Magazine article The Spectator

Ministry of Drugs

Magazine article The Spectator

Ministry of Drugs

Article excerpt

AS trendsetters go, James Palumbo is a strange fish. The erstwhile Etonian, Oxonian and City high-flier has built his Ministry of Sound nightclub into a conglomerate which turned over 20 million in 1996-97, while retaining a taste for opera and a contempt for the 'sloppy, corrupt and drug-- involved' industry in which he works.

Some still remember him best for his court action against his estranged father Lord Palumbo of Arts Council and Mansion House repute - in a rancorous dispute over the family trust. Since 1996, the 36-year-old Palumbo has also vocally supported several causes not traditionally associated with the wild world of clubbing, from voter registration to the suppression of drug abuse.

Until the ascension of Tony Blair, Palumbo's voice sounded polyphonic: whispering advice to Conservative MPs, lauding his local Liberal Democrat MP, and then simultaneously releasing his media chief to the Tories and a chauffeur-driven silver Rover to Peter Mandelson. But in May 1997- -he grasped the hymn-sheet of New Labour tight. And if the recent Power List of the Sunday Times is to be believed, he is also causing something of a stir in the new establishment, having attained a political and cultural significance which places him among the 500 most influential people in the country.

Last week it was reported that he plans to buy a stake in a radio station; which is perhaps a convenient moment to assess a career which represents, in many ways, a triumph of hype. His formal role in government is limited to a place on a quango which dispenses Charter Marks to small enterprises: while his oft-mentioned friendship with Mandelson has yielded rather more prurient gossip than political kickbacks. The gossip is almost Certainly unfounded: he has a young son by an Iranian woman, both of whom now live abroad; and at least two girlfriends are a matter of public record, albeit only because they have testified against him in separate High Court cases. But Palumbo has somehow convinced many politicians and journalists that he represents more than a nightclub impresario on the make. To be fair, Palumbo himself might well recognise that he does not; but he has so far played a game of bluff with consummate skill, reaping both financial and social advantage from a youth culture which he often seems to despise.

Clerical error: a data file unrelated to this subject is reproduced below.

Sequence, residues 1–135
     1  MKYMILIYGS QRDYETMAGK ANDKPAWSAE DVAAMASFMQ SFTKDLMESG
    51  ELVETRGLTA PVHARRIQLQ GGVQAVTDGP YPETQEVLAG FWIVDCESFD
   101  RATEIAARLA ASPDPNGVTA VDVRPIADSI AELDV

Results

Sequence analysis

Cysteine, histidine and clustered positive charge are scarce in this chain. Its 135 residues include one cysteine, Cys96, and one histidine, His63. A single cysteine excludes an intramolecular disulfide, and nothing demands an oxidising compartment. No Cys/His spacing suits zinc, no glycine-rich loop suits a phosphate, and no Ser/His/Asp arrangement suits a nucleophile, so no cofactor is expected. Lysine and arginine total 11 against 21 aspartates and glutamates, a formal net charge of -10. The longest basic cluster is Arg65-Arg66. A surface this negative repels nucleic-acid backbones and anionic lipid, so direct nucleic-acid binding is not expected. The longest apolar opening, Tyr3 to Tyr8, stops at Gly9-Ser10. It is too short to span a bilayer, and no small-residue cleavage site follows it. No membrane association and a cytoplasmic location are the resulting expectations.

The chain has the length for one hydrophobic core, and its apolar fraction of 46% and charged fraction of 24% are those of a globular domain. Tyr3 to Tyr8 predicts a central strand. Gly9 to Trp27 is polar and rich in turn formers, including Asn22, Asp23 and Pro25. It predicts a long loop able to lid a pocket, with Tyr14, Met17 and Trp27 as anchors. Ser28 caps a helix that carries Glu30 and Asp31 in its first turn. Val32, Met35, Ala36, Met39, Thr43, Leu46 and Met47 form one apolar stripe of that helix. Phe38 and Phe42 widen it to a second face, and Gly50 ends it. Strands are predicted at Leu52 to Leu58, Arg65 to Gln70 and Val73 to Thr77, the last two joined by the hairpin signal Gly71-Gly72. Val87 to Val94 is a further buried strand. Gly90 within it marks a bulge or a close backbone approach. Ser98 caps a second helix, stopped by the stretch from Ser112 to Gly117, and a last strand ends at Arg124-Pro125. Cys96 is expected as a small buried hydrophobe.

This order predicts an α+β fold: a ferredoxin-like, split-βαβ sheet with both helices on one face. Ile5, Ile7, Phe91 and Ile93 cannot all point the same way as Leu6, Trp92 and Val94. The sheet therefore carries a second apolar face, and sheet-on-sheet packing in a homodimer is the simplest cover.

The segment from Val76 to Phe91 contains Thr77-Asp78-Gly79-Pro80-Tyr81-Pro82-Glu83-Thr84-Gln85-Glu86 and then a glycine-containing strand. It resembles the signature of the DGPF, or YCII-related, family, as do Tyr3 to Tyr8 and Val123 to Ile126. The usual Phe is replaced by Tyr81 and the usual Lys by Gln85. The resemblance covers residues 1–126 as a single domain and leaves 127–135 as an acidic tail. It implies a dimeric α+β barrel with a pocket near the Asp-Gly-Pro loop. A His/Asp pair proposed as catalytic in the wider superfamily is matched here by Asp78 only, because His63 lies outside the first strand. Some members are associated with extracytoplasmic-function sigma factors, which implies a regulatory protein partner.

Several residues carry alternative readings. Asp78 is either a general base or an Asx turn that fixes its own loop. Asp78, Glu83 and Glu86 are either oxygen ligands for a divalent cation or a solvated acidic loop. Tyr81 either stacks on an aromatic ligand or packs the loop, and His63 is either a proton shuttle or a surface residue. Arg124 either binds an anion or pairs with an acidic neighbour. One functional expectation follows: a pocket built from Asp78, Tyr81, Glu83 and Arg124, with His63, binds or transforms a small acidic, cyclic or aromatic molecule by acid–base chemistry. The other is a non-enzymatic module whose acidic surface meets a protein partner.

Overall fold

A trip to his club is not everyone's idea of fun. After an indeterminate wait at the iron gates of its pill-box premises, one enters a seething tableau of floodlit flesh that might once have been choreographed by Hieronymus Bosch. Up to 1,500 bodies jerk and undulate in its various chambers, while lasers scythe, strobes flash through a miasma of dry ice, and music thunders forth at a volume loud enough to rival any archangel's trumpet.

The less streetwise among Spectator readers might think that such a spectacle must necessarily appeal to a clubbing aficionado, but they would be wrong. Although the Ministry reigned supreme over London's dance scene during the early 1990s, its advanced age (eight) has begun to tell. The scowling bouncers and arcane dress policies (currently no-blue-jeans-unless-dark-and-worn-onFriday) may still convince out-of-towners and south London stragglers that its portals shield a sanctum sanctorum of cool, but the capital's clubbing vanguard has long given it a colder shoulder in favour of superclubs and bars that are more central, more hip and, best of all, newer. 'The Ministry used to be exhilarating, in a kind of Triumph of the Will way,' reminisced a 34-year-old veteran called Rob. 'But it became more like Graceland, sponging off a bloated legend. It's a rave mausoleum.' 'The Misery?' said Lucy, 26. 'Last I heard, all they were playing was handbag. I know they reckon the cheese revival's started, but I'm not interested.'

The Ministry's musical acumen is, in fact, still highly regarded within the industry, but the miracle of brand recognition is that, either way, it matters not a jot. …

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